The body requires about 200 grams of glucose per day to function properly. About 70 grams of this glucose can be replaced by ketone bodies, leaving around 130 grams that the body has to come up with, which it does by converting protein to glucose and by using some of the glycerol backbone of the triglyceride molecule (the form in which fat is stored) for glucose. If one eats carbs, the carbs are absorbed as glucose and it doesn’t take much energy for the body to come up with its 200 gram requirement; if, however, one isn’t eating any carbohydrates, the body has to spend energy to convert the protein and trigylceride to glucose. That’s one reason that the caloric requirements go up on a low-carb diet.

      The other reason is that the body increases futile cycling. What are futile cycles? Futile cycles are what give us our body temperature of 98.6 degrees. Futile cycles are just what the name implies: a cycle that requires energy yet accomplishes nothing. It operates much like you would if you took rocks from one pile and piled them in another, then took them from that pile and piled them back where they were to start with. A lot of work would have been expended with no net end result.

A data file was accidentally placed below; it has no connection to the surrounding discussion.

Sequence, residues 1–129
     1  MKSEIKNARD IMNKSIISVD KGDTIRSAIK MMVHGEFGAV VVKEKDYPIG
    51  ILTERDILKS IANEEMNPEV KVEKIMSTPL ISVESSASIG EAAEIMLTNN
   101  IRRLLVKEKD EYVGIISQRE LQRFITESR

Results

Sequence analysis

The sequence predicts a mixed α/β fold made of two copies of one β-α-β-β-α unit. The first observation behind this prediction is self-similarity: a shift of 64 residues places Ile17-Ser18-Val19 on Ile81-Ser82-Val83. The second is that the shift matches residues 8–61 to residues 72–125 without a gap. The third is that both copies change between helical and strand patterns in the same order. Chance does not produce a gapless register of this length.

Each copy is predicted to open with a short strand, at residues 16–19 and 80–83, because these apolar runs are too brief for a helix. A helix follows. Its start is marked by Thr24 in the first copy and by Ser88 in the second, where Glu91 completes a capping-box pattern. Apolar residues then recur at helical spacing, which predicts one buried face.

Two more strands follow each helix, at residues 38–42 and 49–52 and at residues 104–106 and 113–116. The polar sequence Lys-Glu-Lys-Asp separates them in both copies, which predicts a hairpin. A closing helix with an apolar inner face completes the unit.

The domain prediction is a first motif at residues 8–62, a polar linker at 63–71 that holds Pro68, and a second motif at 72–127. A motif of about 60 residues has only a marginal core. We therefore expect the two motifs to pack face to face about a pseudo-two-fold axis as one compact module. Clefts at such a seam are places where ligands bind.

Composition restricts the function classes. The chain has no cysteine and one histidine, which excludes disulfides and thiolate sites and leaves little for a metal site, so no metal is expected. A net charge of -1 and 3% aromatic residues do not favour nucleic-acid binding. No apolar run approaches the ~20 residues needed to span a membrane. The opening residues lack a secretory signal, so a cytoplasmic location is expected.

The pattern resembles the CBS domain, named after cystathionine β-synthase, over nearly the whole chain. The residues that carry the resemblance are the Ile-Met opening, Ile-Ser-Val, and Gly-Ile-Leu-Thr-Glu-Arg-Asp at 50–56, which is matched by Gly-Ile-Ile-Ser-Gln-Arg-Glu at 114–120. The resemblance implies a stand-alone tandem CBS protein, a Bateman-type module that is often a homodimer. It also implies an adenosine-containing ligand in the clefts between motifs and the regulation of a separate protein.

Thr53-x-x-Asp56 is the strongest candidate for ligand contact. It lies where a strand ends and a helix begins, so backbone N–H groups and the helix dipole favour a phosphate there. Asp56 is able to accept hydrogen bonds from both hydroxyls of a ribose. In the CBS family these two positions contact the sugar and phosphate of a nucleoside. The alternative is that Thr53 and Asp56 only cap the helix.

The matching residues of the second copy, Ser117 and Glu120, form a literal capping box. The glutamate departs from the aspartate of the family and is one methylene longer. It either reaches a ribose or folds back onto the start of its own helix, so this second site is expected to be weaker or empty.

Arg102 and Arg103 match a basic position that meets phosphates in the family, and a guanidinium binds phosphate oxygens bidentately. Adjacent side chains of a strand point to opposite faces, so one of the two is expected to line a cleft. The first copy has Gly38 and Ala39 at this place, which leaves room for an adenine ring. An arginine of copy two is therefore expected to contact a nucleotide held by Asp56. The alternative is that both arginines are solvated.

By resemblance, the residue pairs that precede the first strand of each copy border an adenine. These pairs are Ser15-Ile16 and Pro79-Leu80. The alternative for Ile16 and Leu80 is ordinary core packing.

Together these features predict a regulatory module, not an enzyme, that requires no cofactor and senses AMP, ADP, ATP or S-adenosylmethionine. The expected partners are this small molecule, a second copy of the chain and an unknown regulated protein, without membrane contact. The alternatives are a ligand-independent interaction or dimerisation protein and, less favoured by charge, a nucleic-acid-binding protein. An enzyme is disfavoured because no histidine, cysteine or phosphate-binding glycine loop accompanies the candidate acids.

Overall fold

The body has many systems that can cycle this way, and all of them require energy. Look up the malate-aspartate shuttle; that’s one that often cycles futilely.